The Evotherm technology can also be modified and delivered in three different forms as described below.
1) Evotherm ET (Emulsion Technology) (First Generation)—a high asphalt cement (AC) content, water-based asphalt emulsion. Evotherm ET requires no plant modifications.
2) Evotherm DAT (Dispersed Asphalt Technology) (Second Generation)—a concentrated solution of Evotherm additives in-line injected at the mix plant. Evotherm DAT allows for flexibility.
3) Evotherm 3G (Third Generation)—This was developed in partnership with Paragon Technical Services and Mathy Technology & Engineering. This category of Evotherm, which is an Evotherm, 3G is in water-free form  .
2. Materials and Experiments
The experimental design of this research work was grouped into three distinct stages which include; preliminary investigation, laboratory investigation and detailed investigation of all materials used for the research work including the control asphalt mix samples and all the admixed samples. Table 3 shows the basic properties of the bitumen used, which met all the required specification for a good asphalt mix.
The laboratory work carried out on the aggregates samples, gave the results in Table 4, which all are within specification, therefore accepted for the research work.
Table 5 shows most of the Evotherm-3G properties with fatty-amine properties and high flash point with no loss on ignition. The properties are categorized
Table 3. Laboratory test on bitumen.
Table 4. Laboratory test on aggregates.
Table 5. Physical and chemical properties of Evotherm-3G.
Source: Ingevity Corporation, Carolina USA, 2015.
into physical and chemical state as shown. Flammability was represented by flash point which is above 266˚C.
Asphalt Mix Design
An asphalt concrete is a high-quality, carefully controlled hot mixture of asphalt cement and well-graded, high-quality aggregate thoroughly compacted into a uniform dense mass.
The first step in obtaining this “high-quality mixture” is known as the mix-design. A successful mix design of recommended mixture of aggregate and asphalt binder is Asphalt Mix Design.
For HMA manufacturing, target values of gradation and asphalt binder content are specified based on the mix design along with allowable specification bands to allow for inherent material and production variability.
The end-result of a successful mix design is a recommended mixture of aggregate and asphalt binder as shown in Table 6. This recommended mixture, which also includes aggregate gradation and asphalt binder type is often referred to as the Asphalt Mix Design.
From the analysis, the asphalt mix design obtained for research work through the Marshall investigation is as shown in Table 6. It represents a complete batch of mix by weight for any size of production.
3. Results and Discussion
Seven (7) Laboratory specimens with different additive contents (0%, 0.25%, 0.5%, 0.75%, 1.0%, 1.25% and 1.5%) were compacted at different Five (5) compaction temperatures (100˚C, 115˚C, 130˚C, 145˚C and 160˚C) as shown in Figure 1 in order to evaluate Marshall Stability parameters. The binder content for the control test and admix samples were kept constant for the range of 5.0%, 5.5%, 6.0%, 6.5% and 7% for all the trial mixes for proper and uniform observation and also for the determination of the optimal mix for the control and admix samples. For each specimen mix, two (2) Marshall cylindrical samples were compacted at heavy compaction level (75 blows) and the mean result obtained for accuracy.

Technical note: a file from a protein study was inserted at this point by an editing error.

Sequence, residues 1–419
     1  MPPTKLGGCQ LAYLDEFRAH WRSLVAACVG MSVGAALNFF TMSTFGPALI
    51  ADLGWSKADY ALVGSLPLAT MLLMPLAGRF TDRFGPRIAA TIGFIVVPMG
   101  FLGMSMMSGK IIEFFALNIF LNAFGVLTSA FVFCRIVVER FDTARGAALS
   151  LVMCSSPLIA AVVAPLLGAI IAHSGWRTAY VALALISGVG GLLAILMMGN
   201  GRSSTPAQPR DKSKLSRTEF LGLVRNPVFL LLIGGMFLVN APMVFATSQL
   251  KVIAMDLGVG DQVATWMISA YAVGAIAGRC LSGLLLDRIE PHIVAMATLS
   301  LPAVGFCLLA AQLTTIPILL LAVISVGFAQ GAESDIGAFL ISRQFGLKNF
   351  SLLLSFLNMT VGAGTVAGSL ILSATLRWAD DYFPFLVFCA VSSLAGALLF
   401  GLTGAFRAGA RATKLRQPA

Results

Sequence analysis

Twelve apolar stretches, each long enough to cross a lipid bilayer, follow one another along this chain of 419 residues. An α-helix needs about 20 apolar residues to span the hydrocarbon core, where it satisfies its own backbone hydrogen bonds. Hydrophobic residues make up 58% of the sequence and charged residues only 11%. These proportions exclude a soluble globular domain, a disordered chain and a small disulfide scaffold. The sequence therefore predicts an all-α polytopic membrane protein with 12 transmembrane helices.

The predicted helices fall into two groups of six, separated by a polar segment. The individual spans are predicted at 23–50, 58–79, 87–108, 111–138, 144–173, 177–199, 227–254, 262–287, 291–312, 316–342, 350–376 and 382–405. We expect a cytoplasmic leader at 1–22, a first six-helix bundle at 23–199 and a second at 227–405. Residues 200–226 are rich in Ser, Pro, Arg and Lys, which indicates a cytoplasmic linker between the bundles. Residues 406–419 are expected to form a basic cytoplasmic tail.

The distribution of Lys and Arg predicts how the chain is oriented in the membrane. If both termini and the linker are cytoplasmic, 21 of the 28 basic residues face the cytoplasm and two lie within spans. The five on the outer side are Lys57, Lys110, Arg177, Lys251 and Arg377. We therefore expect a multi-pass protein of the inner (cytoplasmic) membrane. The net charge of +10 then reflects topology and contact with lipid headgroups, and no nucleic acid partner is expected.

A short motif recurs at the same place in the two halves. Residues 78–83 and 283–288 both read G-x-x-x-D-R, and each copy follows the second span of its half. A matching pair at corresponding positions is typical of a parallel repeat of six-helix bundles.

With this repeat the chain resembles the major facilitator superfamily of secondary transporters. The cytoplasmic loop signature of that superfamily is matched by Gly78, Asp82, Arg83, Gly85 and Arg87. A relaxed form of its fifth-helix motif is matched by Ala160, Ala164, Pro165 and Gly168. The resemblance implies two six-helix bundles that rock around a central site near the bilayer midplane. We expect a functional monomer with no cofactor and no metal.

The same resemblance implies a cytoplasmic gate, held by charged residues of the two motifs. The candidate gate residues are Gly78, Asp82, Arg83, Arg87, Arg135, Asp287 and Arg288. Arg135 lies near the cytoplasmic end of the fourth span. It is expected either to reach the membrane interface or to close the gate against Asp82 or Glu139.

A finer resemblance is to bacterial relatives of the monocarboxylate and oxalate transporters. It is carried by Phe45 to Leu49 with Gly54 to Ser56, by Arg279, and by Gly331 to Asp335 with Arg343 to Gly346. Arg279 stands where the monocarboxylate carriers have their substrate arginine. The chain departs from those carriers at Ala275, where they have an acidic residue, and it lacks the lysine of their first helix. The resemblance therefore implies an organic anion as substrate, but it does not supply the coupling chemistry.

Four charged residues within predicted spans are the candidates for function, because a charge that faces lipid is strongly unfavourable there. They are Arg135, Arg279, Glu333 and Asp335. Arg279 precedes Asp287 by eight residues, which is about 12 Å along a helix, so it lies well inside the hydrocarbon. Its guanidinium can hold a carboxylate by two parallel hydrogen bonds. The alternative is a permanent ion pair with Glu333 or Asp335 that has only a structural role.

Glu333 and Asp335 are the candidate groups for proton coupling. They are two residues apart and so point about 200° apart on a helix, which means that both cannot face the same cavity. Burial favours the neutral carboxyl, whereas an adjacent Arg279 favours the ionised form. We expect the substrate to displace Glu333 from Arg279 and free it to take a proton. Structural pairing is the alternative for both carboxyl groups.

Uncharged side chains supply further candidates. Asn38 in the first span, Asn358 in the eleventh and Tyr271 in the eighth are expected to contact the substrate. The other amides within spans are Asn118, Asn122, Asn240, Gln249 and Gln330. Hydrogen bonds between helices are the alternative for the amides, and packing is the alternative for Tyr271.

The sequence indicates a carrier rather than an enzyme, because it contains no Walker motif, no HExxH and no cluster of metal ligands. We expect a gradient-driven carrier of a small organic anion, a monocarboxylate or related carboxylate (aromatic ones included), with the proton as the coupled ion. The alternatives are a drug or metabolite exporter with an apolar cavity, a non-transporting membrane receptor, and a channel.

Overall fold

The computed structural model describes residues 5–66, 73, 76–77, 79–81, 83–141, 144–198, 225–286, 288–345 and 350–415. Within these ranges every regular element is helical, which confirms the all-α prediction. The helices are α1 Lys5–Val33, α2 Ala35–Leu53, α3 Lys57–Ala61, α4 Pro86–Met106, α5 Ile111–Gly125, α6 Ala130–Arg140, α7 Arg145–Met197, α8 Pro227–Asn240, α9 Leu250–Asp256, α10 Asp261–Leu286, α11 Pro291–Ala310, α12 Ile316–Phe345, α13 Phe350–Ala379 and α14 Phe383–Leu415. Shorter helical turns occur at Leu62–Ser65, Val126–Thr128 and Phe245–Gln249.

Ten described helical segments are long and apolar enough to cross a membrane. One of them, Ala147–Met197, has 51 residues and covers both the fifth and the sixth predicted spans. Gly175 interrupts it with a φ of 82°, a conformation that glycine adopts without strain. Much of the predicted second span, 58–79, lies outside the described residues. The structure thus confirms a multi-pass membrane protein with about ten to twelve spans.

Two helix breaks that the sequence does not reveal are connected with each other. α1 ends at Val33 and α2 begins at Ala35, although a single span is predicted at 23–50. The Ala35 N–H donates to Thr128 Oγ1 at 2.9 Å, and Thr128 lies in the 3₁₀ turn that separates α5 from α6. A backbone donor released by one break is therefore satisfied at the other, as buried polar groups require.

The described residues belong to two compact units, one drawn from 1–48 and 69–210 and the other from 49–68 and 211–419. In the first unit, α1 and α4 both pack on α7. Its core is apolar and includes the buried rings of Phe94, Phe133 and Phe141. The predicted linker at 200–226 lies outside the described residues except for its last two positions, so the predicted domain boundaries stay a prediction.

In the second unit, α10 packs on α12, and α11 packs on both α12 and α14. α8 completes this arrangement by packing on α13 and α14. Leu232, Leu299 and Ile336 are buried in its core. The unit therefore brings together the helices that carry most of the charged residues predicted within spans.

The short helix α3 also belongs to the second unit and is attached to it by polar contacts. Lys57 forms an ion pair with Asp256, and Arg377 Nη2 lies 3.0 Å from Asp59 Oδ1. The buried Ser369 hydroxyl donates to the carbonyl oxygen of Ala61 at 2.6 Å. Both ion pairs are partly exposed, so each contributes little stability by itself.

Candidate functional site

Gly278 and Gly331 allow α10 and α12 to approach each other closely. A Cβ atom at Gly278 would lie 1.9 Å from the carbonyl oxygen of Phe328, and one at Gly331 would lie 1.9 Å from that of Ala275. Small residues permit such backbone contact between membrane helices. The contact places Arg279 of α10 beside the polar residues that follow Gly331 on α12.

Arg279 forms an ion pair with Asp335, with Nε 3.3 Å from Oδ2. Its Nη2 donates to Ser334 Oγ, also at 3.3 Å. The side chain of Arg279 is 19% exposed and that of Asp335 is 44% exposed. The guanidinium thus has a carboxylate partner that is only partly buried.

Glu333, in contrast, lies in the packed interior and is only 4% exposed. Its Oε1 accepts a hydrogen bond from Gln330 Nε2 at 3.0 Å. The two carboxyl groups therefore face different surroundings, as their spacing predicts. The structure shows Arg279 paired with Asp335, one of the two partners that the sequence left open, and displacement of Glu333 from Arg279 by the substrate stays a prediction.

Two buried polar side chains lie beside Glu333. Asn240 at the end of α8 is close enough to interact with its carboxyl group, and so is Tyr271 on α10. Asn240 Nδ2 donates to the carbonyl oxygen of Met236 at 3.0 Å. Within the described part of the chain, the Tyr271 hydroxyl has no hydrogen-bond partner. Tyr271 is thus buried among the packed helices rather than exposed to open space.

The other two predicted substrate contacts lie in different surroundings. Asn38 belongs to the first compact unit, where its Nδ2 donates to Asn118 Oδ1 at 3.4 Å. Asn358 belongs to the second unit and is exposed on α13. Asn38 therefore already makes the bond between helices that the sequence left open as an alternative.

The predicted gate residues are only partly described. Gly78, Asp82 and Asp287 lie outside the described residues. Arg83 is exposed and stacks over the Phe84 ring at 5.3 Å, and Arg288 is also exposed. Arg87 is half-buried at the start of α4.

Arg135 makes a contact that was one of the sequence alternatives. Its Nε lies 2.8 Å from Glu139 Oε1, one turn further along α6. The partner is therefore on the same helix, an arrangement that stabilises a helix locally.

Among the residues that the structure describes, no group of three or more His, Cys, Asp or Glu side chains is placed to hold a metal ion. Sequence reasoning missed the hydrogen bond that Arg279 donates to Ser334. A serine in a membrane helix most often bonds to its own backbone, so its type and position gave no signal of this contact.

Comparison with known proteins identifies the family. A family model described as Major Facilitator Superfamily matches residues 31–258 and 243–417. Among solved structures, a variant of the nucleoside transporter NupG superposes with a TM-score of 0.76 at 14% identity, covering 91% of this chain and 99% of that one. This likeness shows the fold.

The combination of the mixes gave a total of 175 samples, which was doubled for the purpose of obtaining average. This further makes the actual total of samples to be 350 cylindrical Marshall samples.
The laboratory analysis and results are presented in tables and graphics that follows, for easy interpretations and use.
The presentation in Figure 2 shows all the various results obtained for the mix at different production temperatures. At 100˚C, the material was poorly coated
Table 6. Summary of asphalt mix design.
Figure 1. Mix proportion for Evotherm/bitumen and production temperatures.
Figure 2. Summary of results for control sample used at optimal bitumen content.
due to low temperature, which is normal for HMA production at low temperatures, as such, compaction was not enough to produce any result as the compacted sample dissolved in the water bath during the soaking process at 60˚C.
For quality assurance purpose, an extraction test was carried out as one of the reverse engineering method of checking the conformity of already-mixed asphalt to the targeted design mix as represented in Figure 3.
The extraction test enables a check on compliance with the supposed bitumen content designed for mix and also checks the aggregate gradations whether it is in conformity with required aggregate envelope for the mix design.
Figure 4 shows a stage of production at which the mix is till performing like the conventional HMA with enhanced compaction densities which shows initial reaction of Evotherm. It exhibits similar behavior like the control mix, except for an initial compaction at 100˚C which was not successful for the control mix.
Figure 3. Result of extraction test for the HMA optimal mix.
Figure 4. Summary of results for admix sample at 0.25% Evotherm content and 5.75% bitumen content.
At 0.50% Evotherm content and 5.50% bitumen content, the mix shows a better bonding property with more compaction densities as compared with the former at 0.25% Evotherm mix. Figure 5 showed a stage of mix where the material still behaves like the conventional HMA with all parameters exhibiting the properties of HMA, but with an enhanced compaction and coating at early temperature of 100˚C. For 0.25% and 0.50% of Evotherm content, the mix was able to withstand the 1-hour soaked period in the water bath, which when compared with the Control sample, it was in the contrary as the sample at 100˚C production temperature failed by dissolution in the water bath after 30 minutes of soaking. This is an indication of Evotherm enhancing compaction rates.